Anyway, the components are similar with the ends made of the plastic and the filler made of the MDF discs. Now if you look closely at the picture, you will see that the discs for the spool are different than the disks for the barrels. Make sure you keep them separate to make the assembly easy. There is a small wooden cuboid which fits snugly in the square cut out in the disc. I know there is some joke about square pegs and round holes, but that is just if you screw it up. When you fit it all together than you should have the holes in the discs lined up with the holes in the ends which makes a nice tunnel through from side to side. 

Street Barricade Assembly
The two street barricades are pretty simple to figure out and assemble. The only thing that threw me was an extra end piece for the barricades, but you only need four of the five ends to build these. One pretty cool thing about the barricades is that they are marked so that you could paint them up immediately with some pattern (black/yellow or white/red) and not have to worry about too much work to get them done. 

These appear to be 5 gallon Jerry cans are three parts per can with the body being MDF and the sides made of plastic. The sides just glue onto the two sides. There is a little notch on the cans, so make sure you pay attention when you are gluing things together. These all fit on and line up very well, so it isn't much of an issue. This is more of a logistics warning.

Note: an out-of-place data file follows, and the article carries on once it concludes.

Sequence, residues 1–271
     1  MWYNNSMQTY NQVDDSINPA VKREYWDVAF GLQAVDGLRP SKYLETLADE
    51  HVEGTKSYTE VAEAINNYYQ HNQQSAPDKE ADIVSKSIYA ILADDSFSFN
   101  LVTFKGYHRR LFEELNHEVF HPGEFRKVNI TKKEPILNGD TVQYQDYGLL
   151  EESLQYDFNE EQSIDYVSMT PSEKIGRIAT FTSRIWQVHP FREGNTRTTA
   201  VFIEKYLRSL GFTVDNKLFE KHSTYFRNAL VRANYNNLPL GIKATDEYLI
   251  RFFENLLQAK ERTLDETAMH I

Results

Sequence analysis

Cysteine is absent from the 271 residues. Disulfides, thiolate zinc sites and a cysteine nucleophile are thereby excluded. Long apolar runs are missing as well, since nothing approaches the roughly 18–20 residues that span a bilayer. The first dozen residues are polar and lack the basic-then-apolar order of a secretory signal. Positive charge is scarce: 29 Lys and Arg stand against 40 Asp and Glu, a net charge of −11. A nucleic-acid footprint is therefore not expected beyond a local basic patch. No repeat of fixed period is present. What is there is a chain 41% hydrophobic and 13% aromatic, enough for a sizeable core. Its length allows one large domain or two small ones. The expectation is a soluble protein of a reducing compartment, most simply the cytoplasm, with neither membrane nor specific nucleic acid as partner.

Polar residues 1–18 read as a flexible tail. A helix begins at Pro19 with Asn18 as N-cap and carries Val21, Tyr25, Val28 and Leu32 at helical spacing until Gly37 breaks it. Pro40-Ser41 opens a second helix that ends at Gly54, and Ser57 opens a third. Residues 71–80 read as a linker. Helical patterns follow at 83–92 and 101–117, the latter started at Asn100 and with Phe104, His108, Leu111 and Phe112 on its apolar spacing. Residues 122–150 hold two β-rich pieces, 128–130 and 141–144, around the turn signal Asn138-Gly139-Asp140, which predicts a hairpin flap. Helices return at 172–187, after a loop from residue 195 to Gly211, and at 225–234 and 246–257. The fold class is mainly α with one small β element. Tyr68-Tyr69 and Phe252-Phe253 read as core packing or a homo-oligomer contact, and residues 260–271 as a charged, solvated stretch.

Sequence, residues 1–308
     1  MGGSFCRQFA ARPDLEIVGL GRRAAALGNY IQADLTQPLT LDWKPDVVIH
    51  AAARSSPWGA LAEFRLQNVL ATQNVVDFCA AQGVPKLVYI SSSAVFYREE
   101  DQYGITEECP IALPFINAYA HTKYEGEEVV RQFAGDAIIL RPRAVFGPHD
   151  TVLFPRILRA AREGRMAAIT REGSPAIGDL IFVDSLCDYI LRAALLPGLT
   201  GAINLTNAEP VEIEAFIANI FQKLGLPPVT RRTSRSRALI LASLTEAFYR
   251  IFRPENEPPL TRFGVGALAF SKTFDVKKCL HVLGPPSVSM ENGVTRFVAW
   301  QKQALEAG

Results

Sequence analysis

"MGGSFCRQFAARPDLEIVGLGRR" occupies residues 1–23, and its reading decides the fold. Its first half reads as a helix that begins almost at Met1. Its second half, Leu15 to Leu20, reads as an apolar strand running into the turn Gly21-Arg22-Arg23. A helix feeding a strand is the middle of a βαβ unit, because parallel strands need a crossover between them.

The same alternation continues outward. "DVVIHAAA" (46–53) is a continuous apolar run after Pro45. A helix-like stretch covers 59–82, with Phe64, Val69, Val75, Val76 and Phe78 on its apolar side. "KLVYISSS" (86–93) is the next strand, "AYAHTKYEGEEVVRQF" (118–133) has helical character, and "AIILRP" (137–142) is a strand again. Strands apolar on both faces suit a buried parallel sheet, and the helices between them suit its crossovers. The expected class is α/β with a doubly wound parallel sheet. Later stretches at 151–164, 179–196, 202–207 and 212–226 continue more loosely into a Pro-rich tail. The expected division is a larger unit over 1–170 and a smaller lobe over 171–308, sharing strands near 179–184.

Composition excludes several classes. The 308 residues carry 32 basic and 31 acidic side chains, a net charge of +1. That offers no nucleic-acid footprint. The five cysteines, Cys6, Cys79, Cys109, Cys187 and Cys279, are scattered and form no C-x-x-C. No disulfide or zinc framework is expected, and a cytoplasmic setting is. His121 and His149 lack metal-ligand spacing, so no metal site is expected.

Once assembled these will be great additions either as stand along pieces or added to any number of tanks or small jeep like vehicles. 

If you look to the left of the Jerry can bodies on the MDF sheet, you will notice four little rectangles and I wasn't sure where they went. I looked at the image for the scatter pack a bunch of times and couldn't see anything there. But at the end of the time, I figured out that they were 4 ammo boxes and apparently no assembly necessary. In fact these aren't even included in the description of the set, so happy bonus!

Jerry Cans and Ammo Crates
The ammo crates are three pieces. The top and bottom are made of the plastic and the filler is made of MDF. The picture of the scatter pack shows four ammo crates, but the description (which is correct) indicates two ammo crates. One note to really be careful is with the handles on the crates. These are small, really small and barely attached to the crates. In face one of mine was missing, which isn't a big deal. I removed them immediately and then glued them into position. Doing this means you can change them to up or down. Down is more secure than up, so select based on how much you will use them. Other than that, the pieces just stack together. 

The two tires are made of four pieces and completely plastic. Each part has a set of nubs carved on the exterior. When all put together it makes the tread for the tires. One interior piece has the spokes for the tire and the other has is just a cog looking piece with nothing in the interior. The exterior pieces have some etching to look like the exterior of a tire, duh. So long as you have the etched pieces facing out, you can easily glue them together and be ready for prime and paint. 

Satellite Dish and Tires